Not so long ago, my husband and I hiked Wind Mountain in the Columbia River Gorge. It was a short hike, but it gained enough elevation that is was quite steep in some places. In other places, it was clear there’d been a slide and the trail was narrow. Not so many people hiked this way and we enjoyed the solitude and silence to slowly work our way up the ridge.
We meandered along and shared the thrill of working for the view, letting life unravel and loosen the worry lines of our faces. The dogs were a big help. They happily scrambled along wishing we’d go faster. They sniffed, wagged, and wiggled their way to the top of the mountain. The view from the top that day was stellar, overheated valley cooled by a strong breeze, sun reflecting off the Columbia River and the glaciers of Mt. Hood. Glorious really, and so we drank it in.
On the way down the mountain, it occurred to me that being married to a man with children is a lot like hiking. There are a few things about stepping with each foot that you either learn from experience or you’re lucky enough to find an experienced hiking partner who tells you of the pitfalls to look out for.
First and foremost, watch out for the banana peel effect. There are some things that make the trail extremely slick. If it’s wet the trail will be slick, most especially the rocks and roots that stick up out of the trail so avoid stepping on those rocks and roots. Go around them. Loose pine needles will also make the trail slick, especially when there is elevation. If they are dense, you can keep your footing best by not lifting your foot very high. Get into a shuffling gait and slide your foot forward.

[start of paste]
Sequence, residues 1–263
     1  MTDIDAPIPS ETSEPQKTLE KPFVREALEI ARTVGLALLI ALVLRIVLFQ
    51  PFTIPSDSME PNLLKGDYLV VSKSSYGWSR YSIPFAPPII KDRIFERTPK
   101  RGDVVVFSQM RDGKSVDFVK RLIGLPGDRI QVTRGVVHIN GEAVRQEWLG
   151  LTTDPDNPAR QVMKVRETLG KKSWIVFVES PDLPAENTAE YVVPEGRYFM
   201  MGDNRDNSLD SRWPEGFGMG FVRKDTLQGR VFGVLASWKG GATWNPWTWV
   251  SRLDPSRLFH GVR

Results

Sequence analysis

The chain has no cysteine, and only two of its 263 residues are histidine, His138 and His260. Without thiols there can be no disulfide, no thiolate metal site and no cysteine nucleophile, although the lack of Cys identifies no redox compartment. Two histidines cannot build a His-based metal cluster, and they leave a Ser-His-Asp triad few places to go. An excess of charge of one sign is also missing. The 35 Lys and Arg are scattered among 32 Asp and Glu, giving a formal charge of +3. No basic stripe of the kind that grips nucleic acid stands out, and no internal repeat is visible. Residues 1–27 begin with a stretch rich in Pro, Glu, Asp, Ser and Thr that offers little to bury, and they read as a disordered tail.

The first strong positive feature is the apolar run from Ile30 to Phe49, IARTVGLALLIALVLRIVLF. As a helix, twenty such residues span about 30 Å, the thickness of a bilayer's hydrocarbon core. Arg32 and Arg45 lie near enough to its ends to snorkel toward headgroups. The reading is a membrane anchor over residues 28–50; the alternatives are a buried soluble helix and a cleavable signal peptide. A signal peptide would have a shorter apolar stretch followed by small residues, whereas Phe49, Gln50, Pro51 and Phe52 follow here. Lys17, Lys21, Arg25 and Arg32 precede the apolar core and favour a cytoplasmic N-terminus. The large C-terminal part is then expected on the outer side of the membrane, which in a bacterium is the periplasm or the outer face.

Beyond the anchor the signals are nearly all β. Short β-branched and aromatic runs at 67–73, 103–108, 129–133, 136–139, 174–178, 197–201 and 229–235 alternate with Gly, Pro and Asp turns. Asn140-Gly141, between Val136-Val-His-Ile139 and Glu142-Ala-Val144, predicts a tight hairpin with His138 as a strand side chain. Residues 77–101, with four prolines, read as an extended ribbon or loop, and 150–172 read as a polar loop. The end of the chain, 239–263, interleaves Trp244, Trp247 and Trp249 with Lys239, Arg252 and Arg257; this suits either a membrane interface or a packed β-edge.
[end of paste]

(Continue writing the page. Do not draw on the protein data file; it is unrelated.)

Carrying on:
When it’s very dry, even bare dirt is slick, so use the exact opposite strategy you would use when it’s wet. Use the tops of the rocks and roots that stick out of the ground to break your fall. When dry, they are the grippiest parts of the trail and offer the chance for solid footing.
Balance is a big issue when hiking. And, the laws of physics that apply to skiing also apply to hiking. If you sit back on your heels, you’re going to fall. True in skiing and true in hiking. You want to balance the weight on the front and back of your feet, sometimes even leaning more forward.
Finding balance means that you step with one foot in a way that allows you to maintain the stability of your footing. If the place you step doesn’t feeling stable, you can easily reverse and take your foot off that place and reset to get better footing. The best way to keep your balance is to focus on the foot you’re standing on when you take each step. When you can perceive that foot is solidly placed, you can step with the leading leg easily and thoughtfully. This way, you can go forward or backward and keep your balance.
Moral of this story: resist the urge to throw yourself headlong into anything, whether it’s hiking down a hill or marrying a man with children. Take your time to keep your footing. Consider the terrain and use the elements you find within the environment as your tools. Remember that what is good footing when the trail is wet is completely different when it’s dry. Consider reversibility and the fact that you can, if you’re watching closely, decide on one course of action and then change your mind, without losing your balance and without getting hurt.